After years of bitter feuds between free software and open source advocates, open source won. But it was a temporary victory. While proponents of Apache-style licensing had a brief period to gloat, the GitHub generation seems determined to take open source to its logical conclusion: releasing most software under no license at all.
Are developers simply too careless to bother with a license, or is something bigger under way?
Good-bye to the GPL
The GPL family of licenses has been in decline for some time (also see RedMonk's analysis), tumbling down to 50 percent of all open source licenses used in 2012 and now hovering at 45 percent, even as Apache-style licensing has climbed to 42 percent from 30 percent in 2012, according to data compiled by Black Duck Software.
In fact, this trend has become so pronounced that developers have taken the next logical step: If permissive licensing is good, no license at all must be even better. Or as free software luminary Glyn Moody describes the trend, it's "the logical conclusion of the move to more 'permissive' licences -- one that permits everything."
As Aaron Williamson, senior staff counsel at the Software Freedom Law Center, presented at the 2013 Linux Collaboration Summit, out of the 1,692,135 GitHub code repositories that he scanned, just 219,326 of them -- 14.9 percent -- identified any kind of license at all. Those that did list a license overwhelmingly opted for Apache-style licenses, but it's staggering to imagine so much code without any explicit license.
GitHub lends a hand
In response to criticism, GitHub has tried to pave the way to open source licensing, as Simon Phipps has called out. The company has rolled out choosealicense.com to help developers figure out the right license for their projects. It has also assembled a useful FAQ on the nuances of open source licensing, explicating the downside to not choosing a license:
Generally speaking, the absence of a license means that the default copyright laws apply. This means that you retain all rights to your source code and that nobody else may reproduce, distribute, or create derivative works from your work. This might not be what you intend.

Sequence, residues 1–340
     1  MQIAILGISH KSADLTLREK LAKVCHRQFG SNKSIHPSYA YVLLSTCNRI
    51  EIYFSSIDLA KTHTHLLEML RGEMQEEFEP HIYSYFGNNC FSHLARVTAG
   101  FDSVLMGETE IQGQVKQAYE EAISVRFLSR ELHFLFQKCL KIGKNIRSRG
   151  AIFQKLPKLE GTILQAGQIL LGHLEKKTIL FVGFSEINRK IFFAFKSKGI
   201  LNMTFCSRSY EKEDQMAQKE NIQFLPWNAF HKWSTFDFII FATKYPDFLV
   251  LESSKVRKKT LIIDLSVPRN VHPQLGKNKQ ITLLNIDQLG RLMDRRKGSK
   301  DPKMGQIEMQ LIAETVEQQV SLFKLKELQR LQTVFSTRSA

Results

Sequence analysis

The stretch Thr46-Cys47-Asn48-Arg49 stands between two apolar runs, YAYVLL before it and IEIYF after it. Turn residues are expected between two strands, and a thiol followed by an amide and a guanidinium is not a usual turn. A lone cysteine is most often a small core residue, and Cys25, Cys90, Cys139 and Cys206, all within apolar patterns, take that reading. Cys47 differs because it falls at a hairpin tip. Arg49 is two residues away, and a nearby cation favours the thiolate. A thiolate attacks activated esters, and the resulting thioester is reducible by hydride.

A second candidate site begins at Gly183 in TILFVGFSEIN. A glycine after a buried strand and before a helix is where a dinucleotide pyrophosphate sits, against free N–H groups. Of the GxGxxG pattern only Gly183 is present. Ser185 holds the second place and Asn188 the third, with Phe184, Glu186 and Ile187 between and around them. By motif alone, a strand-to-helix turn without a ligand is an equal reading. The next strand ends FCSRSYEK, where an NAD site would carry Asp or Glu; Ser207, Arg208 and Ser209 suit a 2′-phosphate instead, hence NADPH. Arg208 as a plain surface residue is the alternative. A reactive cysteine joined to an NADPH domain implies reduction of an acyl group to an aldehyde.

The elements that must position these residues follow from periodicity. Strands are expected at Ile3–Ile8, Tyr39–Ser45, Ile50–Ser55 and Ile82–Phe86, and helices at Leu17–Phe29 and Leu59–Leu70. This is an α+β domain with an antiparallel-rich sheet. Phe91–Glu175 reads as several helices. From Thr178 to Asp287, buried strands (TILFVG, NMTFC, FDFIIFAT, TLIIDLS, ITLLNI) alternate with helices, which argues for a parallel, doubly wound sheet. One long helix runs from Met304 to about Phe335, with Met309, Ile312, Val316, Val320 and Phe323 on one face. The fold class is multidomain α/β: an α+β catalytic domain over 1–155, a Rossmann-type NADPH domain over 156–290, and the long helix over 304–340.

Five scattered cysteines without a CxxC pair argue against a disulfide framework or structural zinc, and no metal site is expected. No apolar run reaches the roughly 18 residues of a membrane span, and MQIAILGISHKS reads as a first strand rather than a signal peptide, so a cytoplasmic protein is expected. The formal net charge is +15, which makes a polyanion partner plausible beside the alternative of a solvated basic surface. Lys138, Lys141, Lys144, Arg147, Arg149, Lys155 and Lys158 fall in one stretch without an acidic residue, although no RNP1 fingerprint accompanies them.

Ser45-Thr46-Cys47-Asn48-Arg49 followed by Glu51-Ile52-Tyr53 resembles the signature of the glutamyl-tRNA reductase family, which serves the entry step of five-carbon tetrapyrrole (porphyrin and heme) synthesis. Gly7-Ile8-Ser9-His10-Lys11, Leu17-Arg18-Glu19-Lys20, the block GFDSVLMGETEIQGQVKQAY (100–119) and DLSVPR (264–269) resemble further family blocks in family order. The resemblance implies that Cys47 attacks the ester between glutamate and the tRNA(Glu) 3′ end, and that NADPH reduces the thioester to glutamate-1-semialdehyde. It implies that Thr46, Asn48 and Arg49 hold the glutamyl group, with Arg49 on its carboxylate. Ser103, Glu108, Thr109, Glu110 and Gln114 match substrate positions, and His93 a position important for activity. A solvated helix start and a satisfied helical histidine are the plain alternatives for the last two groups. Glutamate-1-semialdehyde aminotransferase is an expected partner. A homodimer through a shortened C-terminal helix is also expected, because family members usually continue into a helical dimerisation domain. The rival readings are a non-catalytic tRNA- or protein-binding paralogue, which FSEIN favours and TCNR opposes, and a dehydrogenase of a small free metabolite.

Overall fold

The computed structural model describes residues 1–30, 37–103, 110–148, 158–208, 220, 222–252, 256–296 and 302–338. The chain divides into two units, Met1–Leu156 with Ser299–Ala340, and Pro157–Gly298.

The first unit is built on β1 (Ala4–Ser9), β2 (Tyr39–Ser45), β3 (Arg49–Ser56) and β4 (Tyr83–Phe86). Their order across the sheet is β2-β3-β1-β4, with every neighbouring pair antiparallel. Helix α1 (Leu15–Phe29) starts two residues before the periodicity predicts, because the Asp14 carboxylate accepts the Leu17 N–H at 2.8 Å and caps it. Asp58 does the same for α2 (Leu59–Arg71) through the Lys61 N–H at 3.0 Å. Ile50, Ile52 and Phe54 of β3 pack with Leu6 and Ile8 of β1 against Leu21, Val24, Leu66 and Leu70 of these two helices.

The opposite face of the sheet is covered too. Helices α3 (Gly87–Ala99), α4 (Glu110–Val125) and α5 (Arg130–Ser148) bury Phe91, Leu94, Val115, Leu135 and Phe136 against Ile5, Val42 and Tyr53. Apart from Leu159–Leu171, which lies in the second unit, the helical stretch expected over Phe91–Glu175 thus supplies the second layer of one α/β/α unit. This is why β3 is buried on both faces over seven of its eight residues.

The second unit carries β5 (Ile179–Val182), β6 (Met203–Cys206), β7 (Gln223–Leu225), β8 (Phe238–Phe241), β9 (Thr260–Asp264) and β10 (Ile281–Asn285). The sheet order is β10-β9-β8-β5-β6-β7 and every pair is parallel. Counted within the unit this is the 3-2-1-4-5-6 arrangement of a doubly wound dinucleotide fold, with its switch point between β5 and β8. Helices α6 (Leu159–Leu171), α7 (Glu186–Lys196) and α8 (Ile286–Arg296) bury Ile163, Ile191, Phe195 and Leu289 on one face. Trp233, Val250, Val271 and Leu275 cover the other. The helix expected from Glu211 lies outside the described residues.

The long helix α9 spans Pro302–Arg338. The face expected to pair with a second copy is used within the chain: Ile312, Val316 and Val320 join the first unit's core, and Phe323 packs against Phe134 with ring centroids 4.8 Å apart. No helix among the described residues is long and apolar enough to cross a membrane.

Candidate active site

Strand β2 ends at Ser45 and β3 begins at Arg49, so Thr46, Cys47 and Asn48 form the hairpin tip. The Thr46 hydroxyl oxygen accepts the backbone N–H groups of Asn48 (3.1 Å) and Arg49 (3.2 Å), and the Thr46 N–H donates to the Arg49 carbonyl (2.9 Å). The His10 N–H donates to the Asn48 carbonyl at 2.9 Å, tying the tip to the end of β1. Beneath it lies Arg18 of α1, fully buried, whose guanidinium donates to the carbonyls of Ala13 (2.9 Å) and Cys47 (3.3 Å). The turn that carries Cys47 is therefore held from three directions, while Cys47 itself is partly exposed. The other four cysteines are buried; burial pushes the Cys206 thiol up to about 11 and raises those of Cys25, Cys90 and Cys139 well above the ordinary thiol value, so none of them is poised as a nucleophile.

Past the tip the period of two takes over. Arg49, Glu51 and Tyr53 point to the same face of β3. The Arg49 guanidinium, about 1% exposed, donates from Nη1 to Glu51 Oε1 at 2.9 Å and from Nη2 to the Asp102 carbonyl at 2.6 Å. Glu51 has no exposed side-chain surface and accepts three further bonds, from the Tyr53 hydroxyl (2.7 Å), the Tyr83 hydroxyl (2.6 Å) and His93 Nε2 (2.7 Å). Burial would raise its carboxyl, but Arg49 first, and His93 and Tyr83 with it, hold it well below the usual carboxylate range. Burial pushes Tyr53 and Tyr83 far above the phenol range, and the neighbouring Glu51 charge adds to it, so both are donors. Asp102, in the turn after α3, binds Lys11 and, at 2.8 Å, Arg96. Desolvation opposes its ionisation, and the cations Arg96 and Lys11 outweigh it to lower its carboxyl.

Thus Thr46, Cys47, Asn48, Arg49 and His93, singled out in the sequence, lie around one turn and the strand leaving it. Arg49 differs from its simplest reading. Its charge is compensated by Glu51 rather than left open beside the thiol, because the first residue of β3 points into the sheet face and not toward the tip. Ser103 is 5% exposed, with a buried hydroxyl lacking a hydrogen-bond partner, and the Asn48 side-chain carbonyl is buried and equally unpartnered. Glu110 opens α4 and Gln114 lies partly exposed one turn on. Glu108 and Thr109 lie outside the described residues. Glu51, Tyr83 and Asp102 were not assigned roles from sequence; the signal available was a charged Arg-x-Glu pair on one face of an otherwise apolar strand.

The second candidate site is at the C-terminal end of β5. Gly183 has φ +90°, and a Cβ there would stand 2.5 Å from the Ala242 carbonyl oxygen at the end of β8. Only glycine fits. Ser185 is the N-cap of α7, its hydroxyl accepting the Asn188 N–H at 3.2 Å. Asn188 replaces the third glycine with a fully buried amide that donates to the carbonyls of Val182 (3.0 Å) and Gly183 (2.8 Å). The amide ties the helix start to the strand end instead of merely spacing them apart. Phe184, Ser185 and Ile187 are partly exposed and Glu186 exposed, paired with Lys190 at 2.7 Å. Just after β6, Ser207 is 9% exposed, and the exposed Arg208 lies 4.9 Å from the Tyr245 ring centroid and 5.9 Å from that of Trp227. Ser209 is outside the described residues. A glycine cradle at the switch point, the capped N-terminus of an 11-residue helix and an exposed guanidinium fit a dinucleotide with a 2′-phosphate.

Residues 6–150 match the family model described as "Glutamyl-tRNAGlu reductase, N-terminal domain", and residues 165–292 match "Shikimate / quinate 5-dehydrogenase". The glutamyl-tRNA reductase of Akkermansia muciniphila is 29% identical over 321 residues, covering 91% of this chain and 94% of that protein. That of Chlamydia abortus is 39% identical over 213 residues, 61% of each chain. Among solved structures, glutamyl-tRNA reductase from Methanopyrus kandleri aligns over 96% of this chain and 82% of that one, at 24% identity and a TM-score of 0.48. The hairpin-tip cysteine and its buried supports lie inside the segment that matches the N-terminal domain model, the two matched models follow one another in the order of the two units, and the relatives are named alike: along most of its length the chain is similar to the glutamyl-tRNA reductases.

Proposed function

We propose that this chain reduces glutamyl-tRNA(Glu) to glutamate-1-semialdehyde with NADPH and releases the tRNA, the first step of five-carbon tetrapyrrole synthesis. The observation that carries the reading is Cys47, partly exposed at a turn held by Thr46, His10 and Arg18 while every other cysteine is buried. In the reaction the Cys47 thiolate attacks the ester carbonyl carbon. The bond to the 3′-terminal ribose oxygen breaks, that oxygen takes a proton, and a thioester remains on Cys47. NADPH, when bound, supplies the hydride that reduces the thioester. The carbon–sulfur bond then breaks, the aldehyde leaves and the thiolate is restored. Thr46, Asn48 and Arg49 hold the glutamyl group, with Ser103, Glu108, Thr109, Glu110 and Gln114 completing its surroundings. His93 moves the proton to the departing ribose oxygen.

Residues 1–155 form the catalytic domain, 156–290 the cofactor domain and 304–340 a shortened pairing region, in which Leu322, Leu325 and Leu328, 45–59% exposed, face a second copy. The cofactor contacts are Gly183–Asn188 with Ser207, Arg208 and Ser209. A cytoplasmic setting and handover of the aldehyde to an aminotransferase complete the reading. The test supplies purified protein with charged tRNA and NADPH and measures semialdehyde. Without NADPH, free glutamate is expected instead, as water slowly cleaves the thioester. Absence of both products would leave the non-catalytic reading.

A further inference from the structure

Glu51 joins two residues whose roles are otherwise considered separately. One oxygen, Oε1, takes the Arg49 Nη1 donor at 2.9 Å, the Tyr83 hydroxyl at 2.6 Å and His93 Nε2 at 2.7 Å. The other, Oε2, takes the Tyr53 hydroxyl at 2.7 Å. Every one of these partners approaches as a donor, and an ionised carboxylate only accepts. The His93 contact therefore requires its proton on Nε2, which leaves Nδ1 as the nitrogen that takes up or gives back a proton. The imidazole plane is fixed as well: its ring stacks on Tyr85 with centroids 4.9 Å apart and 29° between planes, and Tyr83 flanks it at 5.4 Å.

All these moves will likely help. They also won't matter.
Whatever we want, when we want
They won't matter because "open source" doesn't really matter anymore. Not as some countercultural raging against the corporate software machine, anyway. Open source, after all, powers the most important software today, driving big trends like cloud computing, big data, and mobile. It's no longer the challenger. It's not an underdog.
Open source today is simply how we write software.
No, not universally. There are still plenty of massive software companies missing more quarters than they hit with outmoded licensing models. But for the rising GitHub generation, code isn't something you sell. It's something that enables services that can be sold. Redmonk's Stephen O'Grady nails this:
[Some] organizations have realized...that very little code, in practice, is competitively differentiating. Which makes open source a logical course of action, because the potential benefits of making the source code available are likely to substantially outweigh the costs. And as far as licensing is concerned, if the code is not a competitive advantage, it is likely not worth protecting. For those who view the code they produce as a generally fungible asset, the additional protections afforded by a reciprocal license may not only be unnecessary, but unwanted. In this scenario, permissive licenses are a perfect alternative.
Which is where we find ourselves today: in the midst of the post-open source revolution, a revolution in which software matters more than ever, but its licensing matters less and less.
This story, "We're living in a post-open source world," was originally published at InfoWorld.com. Get the first word on what the important tech news really means with the InfoWorld Tech Watch blog. For the latest developments in business technology news, follow InfoWorld.com on Twitter.
Formerly a regular contributor and one of InfoWorld's first bloggers, Matt Asay is currently vice president of community at MongoDB.